IN THIS final week of looking into interesting facts in the book The Making of Basingstoke by Eric Stokes, we look at the typhoid epidemic of 1905.

An outbreak that caused widespread illness to all parts and classes of the people of Basingstoke.

At its peak in September 1,022 cases were reported with an overall count of 1,084. Sixteen people died.

Investigations to the cause took place in the obvious areas such as housing conditions, soil contamination due to work being carried out on the sewerage system, and the possible contamination of food, but none seemed to show any reason for the outbreak.

It was mooted that it could have been caused by a fractured water pipe which caused leakage of effluence into the water supply but no fracture was found.

The official report by Dr Farrar referred to the works taking place in Basing Road, Reading Road (also known as Totterdown), Goddard’s Lane, and Gashouse Lane.

Investigation discovered that a plug had been inserted into a manhole at the junction of Goddard’s Lane and Reading Road during testing on July 29 and, inadvertently, had not been removed until September 1.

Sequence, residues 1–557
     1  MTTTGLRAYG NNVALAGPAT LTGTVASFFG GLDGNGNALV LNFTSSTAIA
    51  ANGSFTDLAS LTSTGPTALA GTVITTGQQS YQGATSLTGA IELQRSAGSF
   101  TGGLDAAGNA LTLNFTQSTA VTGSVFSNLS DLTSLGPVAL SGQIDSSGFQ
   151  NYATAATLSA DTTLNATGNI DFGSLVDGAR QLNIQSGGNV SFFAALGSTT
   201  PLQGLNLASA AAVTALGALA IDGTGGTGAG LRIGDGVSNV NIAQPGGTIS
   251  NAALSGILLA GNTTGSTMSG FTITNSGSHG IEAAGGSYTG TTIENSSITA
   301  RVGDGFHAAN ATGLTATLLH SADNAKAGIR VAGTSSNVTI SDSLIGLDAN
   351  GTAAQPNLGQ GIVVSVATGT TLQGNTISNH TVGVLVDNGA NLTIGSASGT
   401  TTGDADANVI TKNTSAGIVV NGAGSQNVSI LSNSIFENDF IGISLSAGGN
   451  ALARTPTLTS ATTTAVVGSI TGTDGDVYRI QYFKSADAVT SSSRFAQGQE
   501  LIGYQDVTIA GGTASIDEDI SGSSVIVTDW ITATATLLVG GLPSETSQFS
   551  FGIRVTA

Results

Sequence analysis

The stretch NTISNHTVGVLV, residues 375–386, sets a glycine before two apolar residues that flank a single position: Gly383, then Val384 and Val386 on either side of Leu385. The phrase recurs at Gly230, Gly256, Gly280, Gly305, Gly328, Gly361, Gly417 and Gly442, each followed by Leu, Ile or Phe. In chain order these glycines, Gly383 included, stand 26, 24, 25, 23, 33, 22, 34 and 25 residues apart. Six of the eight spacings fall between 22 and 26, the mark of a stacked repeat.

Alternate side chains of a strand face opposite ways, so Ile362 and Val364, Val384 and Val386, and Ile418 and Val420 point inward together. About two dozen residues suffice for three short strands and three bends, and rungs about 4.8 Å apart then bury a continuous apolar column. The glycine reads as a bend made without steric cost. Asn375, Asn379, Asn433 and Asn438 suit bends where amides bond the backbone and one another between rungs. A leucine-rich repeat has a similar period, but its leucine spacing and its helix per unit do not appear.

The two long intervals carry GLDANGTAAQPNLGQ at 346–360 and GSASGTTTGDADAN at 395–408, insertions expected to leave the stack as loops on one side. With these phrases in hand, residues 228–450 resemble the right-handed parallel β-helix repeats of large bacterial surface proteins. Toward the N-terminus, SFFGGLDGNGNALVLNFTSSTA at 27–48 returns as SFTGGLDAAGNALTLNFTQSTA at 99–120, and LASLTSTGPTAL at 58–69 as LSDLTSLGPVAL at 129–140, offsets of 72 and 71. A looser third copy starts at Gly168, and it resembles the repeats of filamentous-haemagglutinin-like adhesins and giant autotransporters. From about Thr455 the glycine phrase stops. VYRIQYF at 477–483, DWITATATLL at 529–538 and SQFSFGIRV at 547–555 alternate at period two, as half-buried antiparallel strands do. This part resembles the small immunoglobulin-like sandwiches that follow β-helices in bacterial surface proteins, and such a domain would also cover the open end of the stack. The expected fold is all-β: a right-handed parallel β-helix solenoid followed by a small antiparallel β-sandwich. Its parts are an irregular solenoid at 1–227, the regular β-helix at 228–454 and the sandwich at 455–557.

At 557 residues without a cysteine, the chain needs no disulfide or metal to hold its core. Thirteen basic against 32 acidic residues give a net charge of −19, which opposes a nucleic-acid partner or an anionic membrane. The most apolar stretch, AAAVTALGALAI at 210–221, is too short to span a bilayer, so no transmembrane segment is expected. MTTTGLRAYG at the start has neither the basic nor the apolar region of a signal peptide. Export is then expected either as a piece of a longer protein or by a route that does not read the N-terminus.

This caused a slow seepage of sewage in Reading Road and the storm-water sump at the rear of Steam Mill Terrace. This caused a percolation into the surrounding chalk and in turn into the town well which was situated nearby.

People were instructed to boil their water; the mains supply still being polluted round to December when the reservoir in Darlington Road and water supply were disinfected.

Two widows sued the Council for £600 each, with the help of the Reverend Barnes the Methodist Minister and received £150.

At a Council meeting held on December 15, they were informed that the Health Council considered charging the typhoid patients for their hospital treatment, but this did not happen.

The knock-on effect to local businesses, due to absent employees, were noted and production targets were affected and the Thornycroft management complained that the Council had not taken proper precautions over the outbreak. The Rev. J C. Tarbolton Minister of the Congregational Church suggested it was God’s judgement on the town. Following the epidemic, a new water supply was installed at West Ham along with an open-air swimming pool; approximately situated where the Morrisons store is now.

The Making Of Basingstoke can be found at the Willis museum or ordered from The Basingstoke Archaeological & Historical Society. Contact”